Picked to finish fifth in the ACC preseason poll, head coach Jim Larrañaga’s Miami Hurricanes were considered by some to be a sleeper in the conference title race. After the Hurricanes’ showing Friday night against No. 16 Utah, it may be time to give them even more credit than that.
Sheldon McClellan scored 27 points and fellow senior Tonye Jekiri was a star in the post, accounting for a career-high 20 points to go along with 12 rebounds, as Miami blew out the Runnin’ Utes by the final score of 90-66. While Utah’s first half foul trouble didn’t help matters, Miami took over from the start and didn’t look back. The Hurricanes were efficient offensively, shooting 53.4 percent from the field, 9-for-17 from three and committing just seven turnovers.
By comparison Utah committed 16 turnovers and Miami made them pay for many of those mistakes, racking up 22 points off of turnovers. Larry Krystkowiak’s team shot the ball well, making half of their shots from the field. But when you lose the turnover battle as decisively as they did, field goal percentage doesn’t matter much at all.
Angel Rodriguez was solid at the point against a team still looking to account for what was lost at the position with Delon Wright’s graduation, scoring 11 points and dishing out four assists with just one turnover. Miami isn’t a team that will post a high assist rate due to their use of the dribble to get things going offensively, and Friday night just 13 of their 31 field goals were assisted.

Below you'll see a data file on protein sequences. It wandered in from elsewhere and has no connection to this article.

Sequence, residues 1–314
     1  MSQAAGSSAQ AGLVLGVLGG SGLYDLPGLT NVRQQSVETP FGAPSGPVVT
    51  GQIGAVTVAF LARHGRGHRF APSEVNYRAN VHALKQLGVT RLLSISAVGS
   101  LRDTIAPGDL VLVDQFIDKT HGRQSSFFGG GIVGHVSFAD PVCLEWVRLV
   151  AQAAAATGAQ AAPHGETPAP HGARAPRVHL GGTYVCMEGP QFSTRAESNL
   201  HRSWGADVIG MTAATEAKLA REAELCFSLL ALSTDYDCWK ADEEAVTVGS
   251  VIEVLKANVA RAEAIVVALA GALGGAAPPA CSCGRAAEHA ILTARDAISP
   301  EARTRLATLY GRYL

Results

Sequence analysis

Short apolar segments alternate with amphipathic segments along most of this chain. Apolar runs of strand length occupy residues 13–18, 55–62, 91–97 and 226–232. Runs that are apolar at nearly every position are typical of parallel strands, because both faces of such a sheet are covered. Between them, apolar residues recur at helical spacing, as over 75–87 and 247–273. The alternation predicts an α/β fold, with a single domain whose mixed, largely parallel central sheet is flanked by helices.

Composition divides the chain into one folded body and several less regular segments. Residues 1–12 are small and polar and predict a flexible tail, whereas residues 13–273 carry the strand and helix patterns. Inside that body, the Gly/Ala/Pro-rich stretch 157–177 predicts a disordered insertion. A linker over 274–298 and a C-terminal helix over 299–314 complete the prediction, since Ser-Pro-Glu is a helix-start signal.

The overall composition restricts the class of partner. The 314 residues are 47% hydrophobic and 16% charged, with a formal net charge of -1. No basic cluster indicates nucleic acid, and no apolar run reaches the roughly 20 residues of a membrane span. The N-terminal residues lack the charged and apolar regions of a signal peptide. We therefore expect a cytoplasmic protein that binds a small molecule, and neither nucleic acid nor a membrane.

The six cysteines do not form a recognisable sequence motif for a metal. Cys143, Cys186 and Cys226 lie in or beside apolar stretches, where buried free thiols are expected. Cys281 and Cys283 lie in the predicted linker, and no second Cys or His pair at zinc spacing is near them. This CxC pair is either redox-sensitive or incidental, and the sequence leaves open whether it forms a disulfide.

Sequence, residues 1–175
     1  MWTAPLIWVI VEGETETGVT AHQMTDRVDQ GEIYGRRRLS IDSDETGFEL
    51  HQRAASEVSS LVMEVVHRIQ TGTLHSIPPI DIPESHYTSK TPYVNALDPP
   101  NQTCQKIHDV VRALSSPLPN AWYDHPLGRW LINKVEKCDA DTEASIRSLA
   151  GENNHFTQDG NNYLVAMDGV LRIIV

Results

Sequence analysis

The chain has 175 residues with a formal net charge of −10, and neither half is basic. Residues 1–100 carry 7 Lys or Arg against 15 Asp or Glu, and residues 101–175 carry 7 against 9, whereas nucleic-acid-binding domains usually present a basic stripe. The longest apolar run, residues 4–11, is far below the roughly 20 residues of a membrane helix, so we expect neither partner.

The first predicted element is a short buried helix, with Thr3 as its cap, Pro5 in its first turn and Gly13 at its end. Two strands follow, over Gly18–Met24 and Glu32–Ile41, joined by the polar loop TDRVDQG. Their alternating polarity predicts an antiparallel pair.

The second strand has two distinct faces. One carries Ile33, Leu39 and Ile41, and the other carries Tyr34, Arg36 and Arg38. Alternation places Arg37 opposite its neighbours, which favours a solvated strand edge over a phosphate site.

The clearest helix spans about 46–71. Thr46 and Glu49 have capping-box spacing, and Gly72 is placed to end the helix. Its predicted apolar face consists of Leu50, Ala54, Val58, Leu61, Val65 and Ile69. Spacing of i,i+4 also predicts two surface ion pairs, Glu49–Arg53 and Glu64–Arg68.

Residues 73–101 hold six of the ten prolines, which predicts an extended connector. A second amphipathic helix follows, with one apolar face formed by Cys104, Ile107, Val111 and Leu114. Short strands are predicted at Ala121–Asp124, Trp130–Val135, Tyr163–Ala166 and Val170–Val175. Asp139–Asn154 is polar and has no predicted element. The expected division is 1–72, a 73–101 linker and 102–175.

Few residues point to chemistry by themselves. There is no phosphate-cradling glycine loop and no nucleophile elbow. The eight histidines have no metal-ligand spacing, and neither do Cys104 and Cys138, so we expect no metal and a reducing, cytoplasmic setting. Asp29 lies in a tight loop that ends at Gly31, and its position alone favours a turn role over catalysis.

But when they’re clicking things open up by way of the ball screen, either for the ball-handler, screener or wings, or breaking down their man off the dribble. Utah looked to a zone defense at times to slow down the Hurricanes but they couldn’t find the right answer for either McClellan or Jekiri, with Miami’s two leading scorers combining to shoot 18-for-22 from the field.
Next up for Miami is No. 22 in the title game of the Puerto Rico Tipoff Sunday night, giving them one more chance to make a national statement before returning stateside. Given the expectations surrounding North Carolina, Duke and Virginia, it would be unfair to paint Miami’s placement in the preseason ACC poll as some kind of “disrespect.” If anything, when combined with the Hurricanes’ play in San Juan it simply shows just how deep the conference will be this season.
#POSTERIZED: Sheldon McClellan throws down massive alley-oop (VIDEO)
On Monday, Miami guard Sheldon McClellan was named ACC Player of the Week after averaging 24.0 points, 6.5 rebounds, 2.5 assists per game in two wins for the Hurricanes.
The back court received more good news besides McClellan’s accolades, as sophomore guard Davon Reed is on track to rejoin the No. 15 team in the country sooner than expected, according to Christy Cabrera Chirinos of the Sun-Sentinel.
In early September, Reed was ruled out 4-6 months following surgery on his left knee. The team was intending on having Reed back in the line up until at least January. However, the Sun-Sentinel is reporting that Reed took part in warmups on Friday night against South Alabama.